Nine of 11 candidates for Coldstream council sounded off on issues affecting the community at an all-candidates forum Wednesday evening, Oct. 5.
Close to 150 people filled the Okanagan College lecture theatre to hear candidates discuss climate change, housing, densification, protections for Kalamalka Lake and more.
Incumbents Doug Dirk and Stephanie Hoffman joined former mayor Jim Garlick and newcomers Alex Dantzer, Don Jefcoat, Jeremy Levy, John Myhill, Simone Runyan and Jeff Stevenson in participating in the forum. Incumbents Pat Cochrane and Glen Taylor were absent due to prior engagements.
The moderator was Kelly Winston.
The candidates were asked what they think is the most effective way to reduce carbon emissions from transportation, and how the district should respond to climate change.
Jefcoat put it bluntly: “The transit system sucks.”
He said Coldstream needs a smaller bus transit system that is more up to date, adding that he likes the Neuron e-scooter system in Vernon and would like to see it added to Coldstream.
Dantzer said he’s in favour of local solutions to the environment and climate change, but noted that these are big problems that “Coldstream can do little or nothing about by itself.” He said if elected, he would take the environment into consideration, but would be “reluctant to talk about huge issues without having anything we can do about it.”
Levy pointed to Vernon’s Climate Action Plan, saying he thinks the district should adopt some of the plan’s key recommendations.
“Climate change does not see borders,” Levy said.
“Thus a collaborative effort is necessary.”
Levy named several initiatives he would like to see council undertake, including developing active transportation corridors, solar power, and finding ways to entice people to commute by bike or e-scooter instead of by car.
The candidates were asked a question focused on protecting Kalamalka Lake from invasive mussels, sedimentation and fertilizer run-off, among other threats. Many of the candidates described the lake as a jewel in the community that needs to be safeguarded.
Runyan said we need to “keep the nutrients in the soil on the land where it belongs,” adding there needs to be work done to slow the Coldstream Creek down to allow it to drop sediment. Runyan said the district also needs to lobby the provincial government to protect Kalamalka Lake from invasive mussels.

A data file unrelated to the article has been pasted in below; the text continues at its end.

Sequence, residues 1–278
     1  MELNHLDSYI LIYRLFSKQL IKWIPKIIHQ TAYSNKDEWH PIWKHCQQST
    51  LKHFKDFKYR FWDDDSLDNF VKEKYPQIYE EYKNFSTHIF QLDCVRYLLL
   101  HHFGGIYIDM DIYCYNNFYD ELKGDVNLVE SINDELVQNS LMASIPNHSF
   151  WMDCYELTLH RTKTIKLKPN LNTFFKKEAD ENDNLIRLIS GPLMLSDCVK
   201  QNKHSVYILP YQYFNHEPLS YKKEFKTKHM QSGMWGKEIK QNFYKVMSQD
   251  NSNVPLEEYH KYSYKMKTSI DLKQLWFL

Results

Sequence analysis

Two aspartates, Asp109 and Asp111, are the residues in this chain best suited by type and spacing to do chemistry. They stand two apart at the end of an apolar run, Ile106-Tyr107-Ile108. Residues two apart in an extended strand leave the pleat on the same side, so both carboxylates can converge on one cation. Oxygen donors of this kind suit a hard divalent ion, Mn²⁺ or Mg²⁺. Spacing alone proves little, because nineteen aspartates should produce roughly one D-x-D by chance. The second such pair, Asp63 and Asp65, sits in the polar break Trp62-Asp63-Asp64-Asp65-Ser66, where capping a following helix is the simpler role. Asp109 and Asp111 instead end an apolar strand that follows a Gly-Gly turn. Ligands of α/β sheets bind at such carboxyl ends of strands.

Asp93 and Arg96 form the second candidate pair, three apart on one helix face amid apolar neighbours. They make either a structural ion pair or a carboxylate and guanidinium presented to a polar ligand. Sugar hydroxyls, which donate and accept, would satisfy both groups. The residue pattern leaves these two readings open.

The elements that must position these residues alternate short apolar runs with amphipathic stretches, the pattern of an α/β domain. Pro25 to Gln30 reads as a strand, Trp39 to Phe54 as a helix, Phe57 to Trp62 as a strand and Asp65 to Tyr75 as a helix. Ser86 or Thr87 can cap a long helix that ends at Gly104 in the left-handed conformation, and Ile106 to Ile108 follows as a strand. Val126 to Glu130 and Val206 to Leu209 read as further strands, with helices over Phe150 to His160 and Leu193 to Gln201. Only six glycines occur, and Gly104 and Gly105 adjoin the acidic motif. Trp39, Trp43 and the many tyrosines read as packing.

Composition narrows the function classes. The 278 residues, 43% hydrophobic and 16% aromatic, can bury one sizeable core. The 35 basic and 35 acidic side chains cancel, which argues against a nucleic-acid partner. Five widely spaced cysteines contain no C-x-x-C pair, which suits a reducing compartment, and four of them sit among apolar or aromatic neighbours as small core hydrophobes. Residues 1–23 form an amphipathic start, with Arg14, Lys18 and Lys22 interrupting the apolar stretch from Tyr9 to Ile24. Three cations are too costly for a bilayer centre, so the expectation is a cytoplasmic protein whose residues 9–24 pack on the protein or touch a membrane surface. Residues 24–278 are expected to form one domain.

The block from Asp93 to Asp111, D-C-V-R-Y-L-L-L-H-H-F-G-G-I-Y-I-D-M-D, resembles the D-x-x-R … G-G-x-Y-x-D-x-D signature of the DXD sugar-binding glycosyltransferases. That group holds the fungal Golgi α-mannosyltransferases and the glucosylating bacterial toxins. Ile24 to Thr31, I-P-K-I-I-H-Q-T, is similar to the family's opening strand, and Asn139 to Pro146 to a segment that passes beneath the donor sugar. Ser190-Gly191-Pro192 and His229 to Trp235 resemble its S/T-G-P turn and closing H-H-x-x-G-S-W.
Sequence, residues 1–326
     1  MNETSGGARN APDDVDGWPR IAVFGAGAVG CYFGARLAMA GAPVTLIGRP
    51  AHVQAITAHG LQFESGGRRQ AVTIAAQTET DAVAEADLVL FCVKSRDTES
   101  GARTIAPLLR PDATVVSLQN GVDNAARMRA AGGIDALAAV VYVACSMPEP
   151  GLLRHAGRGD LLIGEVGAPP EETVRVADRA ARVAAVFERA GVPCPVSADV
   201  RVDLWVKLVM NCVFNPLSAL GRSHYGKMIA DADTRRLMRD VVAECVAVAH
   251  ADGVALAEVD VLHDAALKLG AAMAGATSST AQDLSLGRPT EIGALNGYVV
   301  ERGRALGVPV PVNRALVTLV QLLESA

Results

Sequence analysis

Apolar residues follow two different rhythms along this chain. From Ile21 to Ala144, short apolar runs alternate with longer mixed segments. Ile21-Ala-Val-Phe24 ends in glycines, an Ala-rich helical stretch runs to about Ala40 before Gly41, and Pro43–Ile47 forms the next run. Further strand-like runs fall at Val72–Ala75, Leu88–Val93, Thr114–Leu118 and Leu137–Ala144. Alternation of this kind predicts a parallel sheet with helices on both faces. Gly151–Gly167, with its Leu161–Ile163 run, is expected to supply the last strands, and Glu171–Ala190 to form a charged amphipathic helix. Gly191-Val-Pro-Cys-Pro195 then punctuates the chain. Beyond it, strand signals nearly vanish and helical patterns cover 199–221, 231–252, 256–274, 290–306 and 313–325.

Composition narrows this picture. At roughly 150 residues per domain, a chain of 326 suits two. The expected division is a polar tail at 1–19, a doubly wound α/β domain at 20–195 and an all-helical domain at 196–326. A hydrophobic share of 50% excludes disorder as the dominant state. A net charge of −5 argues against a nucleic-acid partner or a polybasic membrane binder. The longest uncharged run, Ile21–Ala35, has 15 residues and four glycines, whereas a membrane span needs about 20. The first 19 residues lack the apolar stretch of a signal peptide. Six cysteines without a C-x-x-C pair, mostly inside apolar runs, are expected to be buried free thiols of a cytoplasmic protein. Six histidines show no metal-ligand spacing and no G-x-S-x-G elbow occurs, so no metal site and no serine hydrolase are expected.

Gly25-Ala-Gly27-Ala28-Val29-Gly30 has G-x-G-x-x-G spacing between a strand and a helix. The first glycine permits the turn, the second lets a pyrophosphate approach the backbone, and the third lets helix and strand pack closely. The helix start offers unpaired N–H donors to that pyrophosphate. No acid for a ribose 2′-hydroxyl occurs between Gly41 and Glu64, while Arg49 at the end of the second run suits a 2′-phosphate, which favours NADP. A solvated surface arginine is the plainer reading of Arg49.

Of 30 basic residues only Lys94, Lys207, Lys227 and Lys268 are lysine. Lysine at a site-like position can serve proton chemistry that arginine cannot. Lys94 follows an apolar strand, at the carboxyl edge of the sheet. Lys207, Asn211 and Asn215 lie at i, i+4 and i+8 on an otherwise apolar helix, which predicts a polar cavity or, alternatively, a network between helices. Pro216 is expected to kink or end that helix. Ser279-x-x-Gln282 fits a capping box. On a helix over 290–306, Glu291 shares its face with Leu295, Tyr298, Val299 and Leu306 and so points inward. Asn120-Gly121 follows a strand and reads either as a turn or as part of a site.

A question from the audience asked candidates how Coldstream can draw in green tech companies that can’t afford to buy a place in Vancouver.
Stevenson said it’s an “amazing opportunity for growth,” but added that investing in infrastructure such as bike paths is needed to draw those companies in.
“When green companies want to come here there has to be that green option that’s there to support them and their employees for the time that they work for them,” he said.
A question from the audience remarked on a comment made by Garlick regarding a flood mitigation effort that involved rerouting water off a road and into Skobalski Creek. The resident was concerned that this would amount to polluting the creek. Garlick said the water comes up from the creek naturally during freshet season.
“There’s more to it than just saying we’re pushing our drainage water into Coldstream Creek,” he said, adding that this does not cause pollution.
The member of the audience asked if any of the candidates were interested in proposing an idea to have options other than Alexander’s Pub to go out and eat, while offering local farmers the chance to bring their agricultural products to market.
Garlick said he’s in favour of establishing farmer’s markets or vendors in the parking lot towards the north end of Kalamalka Lake, adding that the new community hall that’s in the works could also be a “great centre” for a market.
Residents will head to the polls on Oct. 15 to cast their votes council and school trustees in the local general election. Mayor Ruth Hoyte has been acclaimed.